A modeling study has been carried out in order to determine the behavior of evaporative industrial gas turbines power plants at part-load and for varying ambient temperature.
On-design and off-design performance have been analyzed by means of a computational program developed for the analysis of advanced cycles.
In order to verify the mathematical model and to evaluate the characteristics of up-to-date gas turbine technology, an industrial engine, presently available on the market, has been simulated. A double-shaft gas turbine for power generation has been considered. On-design performance and ratings vs. ambient temperature have been evaluated, with good accordance.
It is assumed that, in order to realize a Recuperated Water Injected (RWI) cycle, the industrial gas turbine could be modified, maintaining substantially unchanged the compression system and modifying the turbine blades.
The thermodynamic analysis of the cycle has been carried out in order to determine efficiency and power output as a function of the amount of water addition.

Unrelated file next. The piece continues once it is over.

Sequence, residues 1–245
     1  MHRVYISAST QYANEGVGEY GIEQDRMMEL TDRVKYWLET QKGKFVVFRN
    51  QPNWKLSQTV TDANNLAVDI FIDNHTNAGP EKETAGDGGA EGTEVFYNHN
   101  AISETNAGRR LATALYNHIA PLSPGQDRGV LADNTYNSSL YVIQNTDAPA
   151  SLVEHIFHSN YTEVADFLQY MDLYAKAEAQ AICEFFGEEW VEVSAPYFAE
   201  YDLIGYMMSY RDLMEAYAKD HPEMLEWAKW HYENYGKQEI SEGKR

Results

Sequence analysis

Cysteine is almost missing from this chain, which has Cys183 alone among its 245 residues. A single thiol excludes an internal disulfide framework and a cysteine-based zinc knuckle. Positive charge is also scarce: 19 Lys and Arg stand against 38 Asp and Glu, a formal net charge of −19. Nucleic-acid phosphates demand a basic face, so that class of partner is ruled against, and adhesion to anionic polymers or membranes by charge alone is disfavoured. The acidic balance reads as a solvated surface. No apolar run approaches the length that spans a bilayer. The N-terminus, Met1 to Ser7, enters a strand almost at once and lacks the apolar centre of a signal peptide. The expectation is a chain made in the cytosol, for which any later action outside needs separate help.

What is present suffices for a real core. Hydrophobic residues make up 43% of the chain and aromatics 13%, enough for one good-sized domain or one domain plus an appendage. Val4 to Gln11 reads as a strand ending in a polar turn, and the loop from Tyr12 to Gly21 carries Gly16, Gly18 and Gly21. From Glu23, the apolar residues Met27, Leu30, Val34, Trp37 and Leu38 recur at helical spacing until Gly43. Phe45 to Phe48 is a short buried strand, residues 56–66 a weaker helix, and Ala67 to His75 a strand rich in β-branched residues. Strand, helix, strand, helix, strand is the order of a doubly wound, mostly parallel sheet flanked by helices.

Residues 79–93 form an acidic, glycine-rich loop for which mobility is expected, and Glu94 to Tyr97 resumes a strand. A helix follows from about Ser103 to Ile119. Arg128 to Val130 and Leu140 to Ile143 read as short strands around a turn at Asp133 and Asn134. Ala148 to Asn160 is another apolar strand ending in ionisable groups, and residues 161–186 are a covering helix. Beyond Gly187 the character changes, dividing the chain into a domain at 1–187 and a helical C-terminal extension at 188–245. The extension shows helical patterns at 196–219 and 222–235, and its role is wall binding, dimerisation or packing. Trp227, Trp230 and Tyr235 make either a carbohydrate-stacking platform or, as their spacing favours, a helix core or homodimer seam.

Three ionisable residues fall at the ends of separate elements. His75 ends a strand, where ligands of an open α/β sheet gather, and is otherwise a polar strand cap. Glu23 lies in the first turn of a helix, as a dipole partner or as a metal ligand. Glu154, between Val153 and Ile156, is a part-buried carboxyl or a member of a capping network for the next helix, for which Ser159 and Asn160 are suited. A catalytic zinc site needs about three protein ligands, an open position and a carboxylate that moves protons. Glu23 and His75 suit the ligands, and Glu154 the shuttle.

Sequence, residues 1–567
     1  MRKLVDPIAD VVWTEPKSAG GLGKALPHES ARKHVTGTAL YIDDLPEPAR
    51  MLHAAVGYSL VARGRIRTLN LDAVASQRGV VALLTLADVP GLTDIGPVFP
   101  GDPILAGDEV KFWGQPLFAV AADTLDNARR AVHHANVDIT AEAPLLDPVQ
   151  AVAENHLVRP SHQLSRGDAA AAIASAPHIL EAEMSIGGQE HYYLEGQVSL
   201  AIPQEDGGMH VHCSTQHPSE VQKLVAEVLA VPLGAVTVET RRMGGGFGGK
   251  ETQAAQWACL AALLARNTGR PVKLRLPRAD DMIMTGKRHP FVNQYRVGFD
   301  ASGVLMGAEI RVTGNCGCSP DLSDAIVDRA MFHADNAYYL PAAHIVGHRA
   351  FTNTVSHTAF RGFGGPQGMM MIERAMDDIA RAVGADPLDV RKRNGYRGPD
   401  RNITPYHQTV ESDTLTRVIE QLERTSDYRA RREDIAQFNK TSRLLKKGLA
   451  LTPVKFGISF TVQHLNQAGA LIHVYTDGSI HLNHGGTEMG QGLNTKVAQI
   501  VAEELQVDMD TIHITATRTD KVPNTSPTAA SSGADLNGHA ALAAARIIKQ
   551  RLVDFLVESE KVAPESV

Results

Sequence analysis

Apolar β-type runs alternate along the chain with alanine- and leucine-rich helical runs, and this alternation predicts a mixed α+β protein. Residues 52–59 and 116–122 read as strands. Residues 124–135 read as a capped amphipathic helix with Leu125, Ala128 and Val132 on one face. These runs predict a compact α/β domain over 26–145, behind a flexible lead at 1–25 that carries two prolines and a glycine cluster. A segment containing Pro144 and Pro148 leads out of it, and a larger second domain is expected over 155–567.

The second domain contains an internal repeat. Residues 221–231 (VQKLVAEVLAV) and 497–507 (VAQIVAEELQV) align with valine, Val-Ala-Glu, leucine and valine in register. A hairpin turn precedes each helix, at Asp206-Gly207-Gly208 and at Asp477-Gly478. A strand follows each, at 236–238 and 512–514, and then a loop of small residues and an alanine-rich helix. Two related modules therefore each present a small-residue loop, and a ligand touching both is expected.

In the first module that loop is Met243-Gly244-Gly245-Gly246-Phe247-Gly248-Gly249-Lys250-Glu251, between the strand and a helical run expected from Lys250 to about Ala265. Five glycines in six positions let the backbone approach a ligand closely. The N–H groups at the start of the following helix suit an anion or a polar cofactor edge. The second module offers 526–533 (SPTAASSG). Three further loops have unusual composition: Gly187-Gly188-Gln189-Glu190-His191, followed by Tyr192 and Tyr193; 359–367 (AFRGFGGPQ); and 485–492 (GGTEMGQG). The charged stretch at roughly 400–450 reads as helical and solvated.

The RWI cycle gas turbine has been designed and the characteristic maps of the two new turbines have been evaluated.
The regulation is performed by means of the simultaneous manipulation of fuel flow rate, water rate, and position of the free turbine nozzle guide vanes (NGV). The regulation criteria, the interaction among the input variables, the safety of the operations (max. turbine inlet temperature, surge limits) and the optimization of the part-load efficiency, are examined and discussed.
Ratings as a function of the ambient temperature are examined. The possibility to manipulate the water rate and the position of the NGV in order to provide high efficiency and power output, even on hot days, has been examined.
The paper shows that maintaining constant the temperature at the power turbine exit, ratings decrease of 17% in power and 5% in efficiency.